For the following linear differential equation


most books teach the method of undetermined coefficients, variation of parameters and Laplace transforms. Tenenbaum and Pollard's Ordinary Differential Equations teaches all these methods, but also the inverse operator method and has about 40 pages on it. I have never learned this method as an undergraduate but once I tried to teach it, I loved this method very much and it seems to me that in many cases, this method will be easier to use than other methods.

However, I do not find this method in many books on Differential Equations. Do people generally not teach this method in an undergraduate course? Why?

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    $\begingroup$ @user1027, thanks for the comment! Using the same logic, we can also omit the "undetermined coefficients" as what it can solve can be solved by other methods. $\endgroup$ – Zuriel Oct 23 '20 at 22:47
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    $\begingroup$ I think it is both interesting and useful for students to see this math. For those interested in quantum mechanics it has the added benefit of giving them experience working with operators. Where else would they see operators acting on an infinite dimensional space ? And yet, it's concrete. I don't think the topic has been reasoned out of DEqns, it is just part of the general plan to dumb down the course. Series will disappear for the same reason... not logic... simply retention. Of course, we can sell the loss of difficult techniques as a means to do more "modeling"... $\endgroup$ – James S. Cook Oct 24 '20 at 3:09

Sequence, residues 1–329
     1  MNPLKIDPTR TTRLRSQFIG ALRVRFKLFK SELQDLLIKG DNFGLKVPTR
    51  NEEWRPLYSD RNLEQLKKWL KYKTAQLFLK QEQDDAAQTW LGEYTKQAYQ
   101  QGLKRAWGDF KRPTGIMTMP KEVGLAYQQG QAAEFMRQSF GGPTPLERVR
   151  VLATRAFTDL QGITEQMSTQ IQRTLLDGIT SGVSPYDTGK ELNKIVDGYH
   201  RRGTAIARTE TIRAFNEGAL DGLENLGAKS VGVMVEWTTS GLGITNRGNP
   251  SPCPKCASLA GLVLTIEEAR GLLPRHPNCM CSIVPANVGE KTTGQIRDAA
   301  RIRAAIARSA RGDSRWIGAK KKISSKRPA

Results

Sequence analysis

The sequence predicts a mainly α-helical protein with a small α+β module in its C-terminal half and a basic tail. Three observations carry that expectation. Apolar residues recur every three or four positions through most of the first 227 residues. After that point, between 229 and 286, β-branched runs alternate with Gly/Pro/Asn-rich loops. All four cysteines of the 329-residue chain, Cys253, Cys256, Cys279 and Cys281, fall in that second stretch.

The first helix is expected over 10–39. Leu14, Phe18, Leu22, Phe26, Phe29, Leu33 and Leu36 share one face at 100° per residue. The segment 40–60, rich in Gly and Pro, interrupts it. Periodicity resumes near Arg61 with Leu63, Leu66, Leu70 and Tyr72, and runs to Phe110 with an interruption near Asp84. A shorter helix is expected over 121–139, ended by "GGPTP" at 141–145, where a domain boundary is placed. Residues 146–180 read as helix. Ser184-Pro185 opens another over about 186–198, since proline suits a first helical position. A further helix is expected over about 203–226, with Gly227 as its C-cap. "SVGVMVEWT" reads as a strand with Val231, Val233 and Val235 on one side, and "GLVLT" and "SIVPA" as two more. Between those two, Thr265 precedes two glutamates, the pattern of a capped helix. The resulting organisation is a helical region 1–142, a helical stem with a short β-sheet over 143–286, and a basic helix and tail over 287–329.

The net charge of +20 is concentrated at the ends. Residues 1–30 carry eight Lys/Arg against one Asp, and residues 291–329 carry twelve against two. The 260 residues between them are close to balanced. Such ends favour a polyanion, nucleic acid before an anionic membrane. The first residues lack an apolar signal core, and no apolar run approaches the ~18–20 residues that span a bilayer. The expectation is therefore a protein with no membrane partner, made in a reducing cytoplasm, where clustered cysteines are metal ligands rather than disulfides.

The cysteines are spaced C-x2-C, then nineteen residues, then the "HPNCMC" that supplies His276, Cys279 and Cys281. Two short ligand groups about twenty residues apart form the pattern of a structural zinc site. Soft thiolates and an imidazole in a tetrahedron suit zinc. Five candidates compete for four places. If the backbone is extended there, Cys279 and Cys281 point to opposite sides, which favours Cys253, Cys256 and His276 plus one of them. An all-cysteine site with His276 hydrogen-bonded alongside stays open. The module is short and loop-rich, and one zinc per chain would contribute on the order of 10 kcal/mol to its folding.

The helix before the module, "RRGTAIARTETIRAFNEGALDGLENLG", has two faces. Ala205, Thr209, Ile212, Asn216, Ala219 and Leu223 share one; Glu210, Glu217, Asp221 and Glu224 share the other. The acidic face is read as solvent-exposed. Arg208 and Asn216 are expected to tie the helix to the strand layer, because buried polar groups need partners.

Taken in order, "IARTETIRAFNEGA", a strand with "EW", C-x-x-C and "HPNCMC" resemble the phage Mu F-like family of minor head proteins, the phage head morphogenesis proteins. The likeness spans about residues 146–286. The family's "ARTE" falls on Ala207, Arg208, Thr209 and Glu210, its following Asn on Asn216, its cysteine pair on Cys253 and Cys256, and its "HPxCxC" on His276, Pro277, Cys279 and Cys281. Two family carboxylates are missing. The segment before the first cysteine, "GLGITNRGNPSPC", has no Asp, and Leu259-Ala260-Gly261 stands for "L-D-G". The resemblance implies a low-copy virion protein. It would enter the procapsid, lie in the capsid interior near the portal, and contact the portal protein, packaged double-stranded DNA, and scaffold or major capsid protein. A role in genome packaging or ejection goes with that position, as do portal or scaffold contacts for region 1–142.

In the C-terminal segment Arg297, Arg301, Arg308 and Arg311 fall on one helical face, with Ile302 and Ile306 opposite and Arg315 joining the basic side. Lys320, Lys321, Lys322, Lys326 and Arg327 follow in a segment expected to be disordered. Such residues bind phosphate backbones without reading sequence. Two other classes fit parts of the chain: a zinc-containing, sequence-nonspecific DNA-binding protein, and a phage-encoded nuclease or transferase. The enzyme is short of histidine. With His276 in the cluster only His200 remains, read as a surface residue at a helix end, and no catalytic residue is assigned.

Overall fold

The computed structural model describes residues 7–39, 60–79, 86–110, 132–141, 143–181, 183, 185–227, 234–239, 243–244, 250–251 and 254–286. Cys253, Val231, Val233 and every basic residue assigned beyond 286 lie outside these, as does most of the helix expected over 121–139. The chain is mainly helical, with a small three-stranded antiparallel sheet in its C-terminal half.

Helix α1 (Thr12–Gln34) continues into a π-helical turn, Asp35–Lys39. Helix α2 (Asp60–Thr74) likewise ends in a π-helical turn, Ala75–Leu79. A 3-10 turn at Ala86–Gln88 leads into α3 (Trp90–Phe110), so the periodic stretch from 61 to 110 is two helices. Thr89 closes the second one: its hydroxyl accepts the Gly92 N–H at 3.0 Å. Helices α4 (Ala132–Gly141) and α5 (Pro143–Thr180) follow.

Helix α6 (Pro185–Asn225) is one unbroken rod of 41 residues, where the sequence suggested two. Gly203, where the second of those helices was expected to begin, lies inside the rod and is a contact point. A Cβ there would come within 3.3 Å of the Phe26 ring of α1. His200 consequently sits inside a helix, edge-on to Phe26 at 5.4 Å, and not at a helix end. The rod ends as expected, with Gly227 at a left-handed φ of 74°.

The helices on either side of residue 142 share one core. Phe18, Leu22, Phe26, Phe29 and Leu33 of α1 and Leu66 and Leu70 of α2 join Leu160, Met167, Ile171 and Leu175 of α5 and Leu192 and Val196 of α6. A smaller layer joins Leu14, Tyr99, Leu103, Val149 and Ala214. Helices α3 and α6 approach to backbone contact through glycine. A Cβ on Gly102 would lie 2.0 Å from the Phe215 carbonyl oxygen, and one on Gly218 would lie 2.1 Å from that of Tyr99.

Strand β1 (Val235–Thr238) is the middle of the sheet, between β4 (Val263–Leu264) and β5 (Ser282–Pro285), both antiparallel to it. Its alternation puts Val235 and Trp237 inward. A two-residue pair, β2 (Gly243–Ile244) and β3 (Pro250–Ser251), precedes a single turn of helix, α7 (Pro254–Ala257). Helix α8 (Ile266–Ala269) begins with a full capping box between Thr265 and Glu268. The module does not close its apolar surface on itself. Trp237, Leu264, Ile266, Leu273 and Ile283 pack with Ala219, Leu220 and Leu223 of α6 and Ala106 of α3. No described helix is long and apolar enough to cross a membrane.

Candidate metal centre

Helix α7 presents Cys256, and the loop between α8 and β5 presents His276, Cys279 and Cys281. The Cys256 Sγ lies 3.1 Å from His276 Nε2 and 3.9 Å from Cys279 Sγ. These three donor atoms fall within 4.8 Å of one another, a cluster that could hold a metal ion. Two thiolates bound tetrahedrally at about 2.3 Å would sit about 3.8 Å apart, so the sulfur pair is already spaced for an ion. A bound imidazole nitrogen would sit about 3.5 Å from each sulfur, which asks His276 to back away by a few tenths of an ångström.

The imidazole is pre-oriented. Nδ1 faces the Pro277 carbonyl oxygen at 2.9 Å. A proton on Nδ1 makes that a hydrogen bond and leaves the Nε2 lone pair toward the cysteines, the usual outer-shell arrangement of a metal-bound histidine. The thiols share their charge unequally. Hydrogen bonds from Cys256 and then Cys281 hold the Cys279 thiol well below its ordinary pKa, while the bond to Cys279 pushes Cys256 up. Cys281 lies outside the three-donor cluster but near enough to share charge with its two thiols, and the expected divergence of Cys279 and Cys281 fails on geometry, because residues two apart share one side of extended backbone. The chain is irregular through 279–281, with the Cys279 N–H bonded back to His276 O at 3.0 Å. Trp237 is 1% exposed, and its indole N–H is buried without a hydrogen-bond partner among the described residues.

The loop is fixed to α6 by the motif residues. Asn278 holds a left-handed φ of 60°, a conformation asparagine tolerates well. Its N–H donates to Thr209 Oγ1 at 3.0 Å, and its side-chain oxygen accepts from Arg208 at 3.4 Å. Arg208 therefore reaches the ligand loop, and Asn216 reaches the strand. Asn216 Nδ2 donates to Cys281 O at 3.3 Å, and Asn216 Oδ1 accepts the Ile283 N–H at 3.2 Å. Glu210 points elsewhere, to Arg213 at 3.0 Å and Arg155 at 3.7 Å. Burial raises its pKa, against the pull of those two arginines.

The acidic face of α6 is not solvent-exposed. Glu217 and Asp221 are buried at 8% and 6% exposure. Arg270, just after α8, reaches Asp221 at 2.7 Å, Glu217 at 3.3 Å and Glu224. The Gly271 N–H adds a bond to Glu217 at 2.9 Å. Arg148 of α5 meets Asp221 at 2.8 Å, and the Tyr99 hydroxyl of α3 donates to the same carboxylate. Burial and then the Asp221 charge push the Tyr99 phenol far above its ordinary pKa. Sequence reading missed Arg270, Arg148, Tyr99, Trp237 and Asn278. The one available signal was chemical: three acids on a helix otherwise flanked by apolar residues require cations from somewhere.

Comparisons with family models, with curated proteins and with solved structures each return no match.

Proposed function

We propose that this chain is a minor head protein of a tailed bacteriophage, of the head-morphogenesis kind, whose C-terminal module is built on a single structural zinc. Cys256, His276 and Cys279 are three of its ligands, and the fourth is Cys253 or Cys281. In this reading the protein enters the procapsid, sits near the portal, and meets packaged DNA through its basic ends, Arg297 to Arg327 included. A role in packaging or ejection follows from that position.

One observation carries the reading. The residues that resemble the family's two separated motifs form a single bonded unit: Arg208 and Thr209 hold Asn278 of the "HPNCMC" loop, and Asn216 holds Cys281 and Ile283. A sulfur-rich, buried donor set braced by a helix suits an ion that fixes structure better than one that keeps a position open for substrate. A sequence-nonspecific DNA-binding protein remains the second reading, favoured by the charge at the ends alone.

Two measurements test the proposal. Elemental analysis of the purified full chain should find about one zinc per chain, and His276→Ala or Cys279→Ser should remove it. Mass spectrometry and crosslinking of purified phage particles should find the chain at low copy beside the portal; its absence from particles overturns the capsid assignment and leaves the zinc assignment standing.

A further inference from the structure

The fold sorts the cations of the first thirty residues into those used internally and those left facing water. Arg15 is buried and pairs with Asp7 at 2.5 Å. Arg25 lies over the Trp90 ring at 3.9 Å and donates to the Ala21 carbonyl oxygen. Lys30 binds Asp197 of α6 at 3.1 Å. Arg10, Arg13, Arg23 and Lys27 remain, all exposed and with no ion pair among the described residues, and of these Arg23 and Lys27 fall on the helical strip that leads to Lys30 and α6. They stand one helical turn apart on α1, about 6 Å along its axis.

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    $\begingroup$ Fwiw, here is an example of how I have taught this stuff to an audience nearly devoid of math majors. I've taught DEqns this way to a few hundred engineers with good success. youtube.com/… $\endgroup$ – James S. Cook Oct 24 '20 at 3:17

I'm just an ex-student, not a teacher.

But my hunch is that it's more user friendly after you know the other methods, rather than before them. Sort of like the "tic tac toe" method of integration by parts. It's good. But makes more sense, if you've had to slog through the detailed algebra several times before.

The issue then becomes one of time. One of the issues with a standard ODE course is just getting everything covered. If I had to pitch passsengers off the lifeboat, I would sacrifice operator method well before series solutions, Euler equation, etc.

P.s. Spiegel does cover it (I think, am out to dinner...but check when I get home). Edit: yes, he does. Calls it an alternate method, treats it after the others. Has several pages on it, but not the 40 page length of Tannenbaum.


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